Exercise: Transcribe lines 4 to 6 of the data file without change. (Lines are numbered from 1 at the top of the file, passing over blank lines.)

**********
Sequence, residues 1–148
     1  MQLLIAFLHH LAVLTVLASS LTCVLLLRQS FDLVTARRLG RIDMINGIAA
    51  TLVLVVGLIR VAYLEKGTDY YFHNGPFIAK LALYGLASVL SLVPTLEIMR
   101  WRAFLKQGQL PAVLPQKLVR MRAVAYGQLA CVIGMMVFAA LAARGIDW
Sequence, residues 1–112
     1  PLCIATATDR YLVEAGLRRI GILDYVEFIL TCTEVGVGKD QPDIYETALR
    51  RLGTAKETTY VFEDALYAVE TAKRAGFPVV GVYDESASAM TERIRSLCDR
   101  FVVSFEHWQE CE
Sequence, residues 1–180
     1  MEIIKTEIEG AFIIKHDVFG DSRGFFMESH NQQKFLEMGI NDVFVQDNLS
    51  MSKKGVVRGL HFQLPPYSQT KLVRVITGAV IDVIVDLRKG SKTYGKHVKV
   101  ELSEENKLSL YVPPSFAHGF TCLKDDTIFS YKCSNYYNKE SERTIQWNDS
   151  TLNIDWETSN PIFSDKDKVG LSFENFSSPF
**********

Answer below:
   101  WRAFLKQGQL PAVLPQKLVR MRAVAYGQLA CVIGMMVFAA LAARGIDW
Sequence, residues 1–112
     1  PLCIATATDR YLVEAGLRRI GILDYVEFIL TCTEVGVGKD QPDIYETALR